It is recommended that before you go to an event or venue, that you check yourself for symptoms before you leave home. If you feel unwell, particularly if you have any rashes or sores, do not attend.

For more information for men who have sex with men visit Thorne Harbour Health website.

Vaccine eligibility

  • Post exposure vaccination for high-risk close contacts of MPX cases.
  • Laboratory workers who analyse specimens from monkeypox cases.
  • Sexually active HIV positive or negative gay, bisexual and other men, trans people or non-binary people assigned male at birth who have sex with men (including cis and trans men) who fulfill additional criteria. See monkeypox disease information and advice for more information.
  • Sex workers who have high-risk clients.

Vaccination is largely available in the following locations:

  • Melbourne Sexual Health Centre
  • Thorne Harbour Health
  • Northside Clinic
  • Collins Street Medical Centre
  • Prahran Market Clinic

Clinics may not always be able to accept new patients. Please note that while the vaccine is free of charge, consultation may not be. Please speak to the relevant clinic to verify consultation-related fees.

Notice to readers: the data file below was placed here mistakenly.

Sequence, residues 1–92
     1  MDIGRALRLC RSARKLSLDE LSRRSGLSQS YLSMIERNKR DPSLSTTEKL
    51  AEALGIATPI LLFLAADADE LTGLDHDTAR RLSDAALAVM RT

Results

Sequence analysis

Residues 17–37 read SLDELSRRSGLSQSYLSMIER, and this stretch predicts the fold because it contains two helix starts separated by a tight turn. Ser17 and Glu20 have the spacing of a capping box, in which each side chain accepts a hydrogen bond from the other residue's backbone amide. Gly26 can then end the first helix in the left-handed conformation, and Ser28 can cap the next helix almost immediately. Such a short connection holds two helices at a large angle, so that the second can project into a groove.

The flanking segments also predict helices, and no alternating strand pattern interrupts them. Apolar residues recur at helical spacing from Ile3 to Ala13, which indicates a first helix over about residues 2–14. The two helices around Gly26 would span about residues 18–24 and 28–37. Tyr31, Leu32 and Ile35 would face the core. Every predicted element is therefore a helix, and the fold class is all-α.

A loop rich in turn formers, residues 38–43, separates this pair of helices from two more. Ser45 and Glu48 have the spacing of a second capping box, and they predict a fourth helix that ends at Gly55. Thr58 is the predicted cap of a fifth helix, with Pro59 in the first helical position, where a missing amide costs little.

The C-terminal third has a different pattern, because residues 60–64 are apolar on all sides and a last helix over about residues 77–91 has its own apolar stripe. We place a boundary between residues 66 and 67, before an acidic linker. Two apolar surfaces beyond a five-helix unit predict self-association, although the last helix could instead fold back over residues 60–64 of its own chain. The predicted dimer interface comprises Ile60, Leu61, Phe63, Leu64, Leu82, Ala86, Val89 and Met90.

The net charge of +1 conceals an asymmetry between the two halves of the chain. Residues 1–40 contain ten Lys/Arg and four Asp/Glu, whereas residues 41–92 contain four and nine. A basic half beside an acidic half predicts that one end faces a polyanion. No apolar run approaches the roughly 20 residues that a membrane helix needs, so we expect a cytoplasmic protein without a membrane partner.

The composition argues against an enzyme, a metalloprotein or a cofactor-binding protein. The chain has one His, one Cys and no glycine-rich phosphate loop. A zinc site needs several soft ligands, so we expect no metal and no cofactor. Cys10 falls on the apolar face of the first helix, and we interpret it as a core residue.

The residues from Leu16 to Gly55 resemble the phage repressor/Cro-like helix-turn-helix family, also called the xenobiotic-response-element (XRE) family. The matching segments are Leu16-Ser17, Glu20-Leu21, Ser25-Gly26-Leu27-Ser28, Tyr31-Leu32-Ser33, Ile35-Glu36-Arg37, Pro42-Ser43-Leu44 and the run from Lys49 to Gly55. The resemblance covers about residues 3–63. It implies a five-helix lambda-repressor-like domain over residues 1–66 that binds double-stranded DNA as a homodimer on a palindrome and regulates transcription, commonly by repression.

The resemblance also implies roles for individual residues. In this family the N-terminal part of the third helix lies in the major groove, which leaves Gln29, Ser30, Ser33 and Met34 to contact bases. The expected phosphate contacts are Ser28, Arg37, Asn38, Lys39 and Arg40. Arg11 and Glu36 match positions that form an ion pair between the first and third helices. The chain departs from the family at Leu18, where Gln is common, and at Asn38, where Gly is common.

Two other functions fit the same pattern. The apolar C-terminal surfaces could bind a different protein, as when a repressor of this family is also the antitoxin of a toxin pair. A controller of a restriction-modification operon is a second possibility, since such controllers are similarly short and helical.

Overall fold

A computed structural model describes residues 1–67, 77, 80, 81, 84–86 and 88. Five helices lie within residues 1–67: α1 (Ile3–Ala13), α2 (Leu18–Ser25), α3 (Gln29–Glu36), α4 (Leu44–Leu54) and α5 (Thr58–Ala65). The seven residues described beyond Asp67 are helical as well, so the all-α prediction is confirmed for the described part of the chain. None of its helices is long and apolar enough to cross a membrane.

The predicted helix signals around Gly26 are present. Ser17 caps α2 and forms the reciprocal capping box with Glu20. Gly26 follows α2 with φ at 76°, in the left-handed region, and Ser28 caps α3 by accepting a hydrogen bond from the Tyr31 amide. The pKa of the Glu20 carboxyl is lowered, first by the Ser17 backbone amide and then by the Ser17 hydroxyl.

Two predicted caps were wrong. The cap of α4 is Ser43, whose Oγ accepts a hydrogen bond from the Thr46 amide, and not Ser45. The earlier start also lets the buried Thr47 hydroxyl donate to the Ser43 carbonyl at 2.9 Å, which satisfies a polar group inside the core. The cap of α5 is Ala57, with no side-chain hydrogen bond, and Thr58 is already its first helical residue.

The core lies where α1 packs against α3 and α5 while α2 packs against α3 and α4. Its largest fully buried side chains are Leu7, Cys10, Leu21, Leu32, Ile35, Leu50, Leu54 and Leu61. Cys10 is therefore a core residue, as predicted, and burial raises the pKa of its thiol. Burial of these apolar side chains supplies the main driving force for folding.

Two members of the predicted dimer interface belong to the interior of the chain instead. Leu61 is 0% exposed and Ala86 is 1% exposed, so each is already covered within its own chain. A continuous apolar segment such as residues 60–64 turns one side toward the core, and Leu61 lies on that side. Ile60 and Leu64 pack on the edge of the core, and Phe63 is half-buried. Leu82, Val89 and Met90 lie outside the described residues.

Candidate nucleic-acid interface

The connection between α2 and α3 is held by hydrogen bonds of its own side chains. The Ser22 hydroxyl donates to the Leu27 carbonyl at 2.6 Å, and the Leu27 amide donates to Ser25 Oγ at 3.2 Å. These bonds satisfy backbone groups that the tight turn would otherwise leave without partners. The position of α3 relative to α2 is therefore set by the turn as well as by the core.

More clinics and access points will be able to provide the vaccine as additional stock becomes available.

For those who are eligible and reside in regional Victoria, vaccination may be accessed via a regional local public health unit. See monkeypox disease information and advice for more information.

The Department of Health will facilitate vaccination for post-exposure protection of contacts at high-risk of acquiring monkeypox.

Clinicians must notify any suspected or confirmed case to the Department of Health by calling 1300 651 160 (24/7).

Further information on testing, sample collection, treatment and infection control for clinicians managing monkeypox cases:

Reviewed 26 August 2022


Contact details

Communicable Disease Prevention and Control Department of Health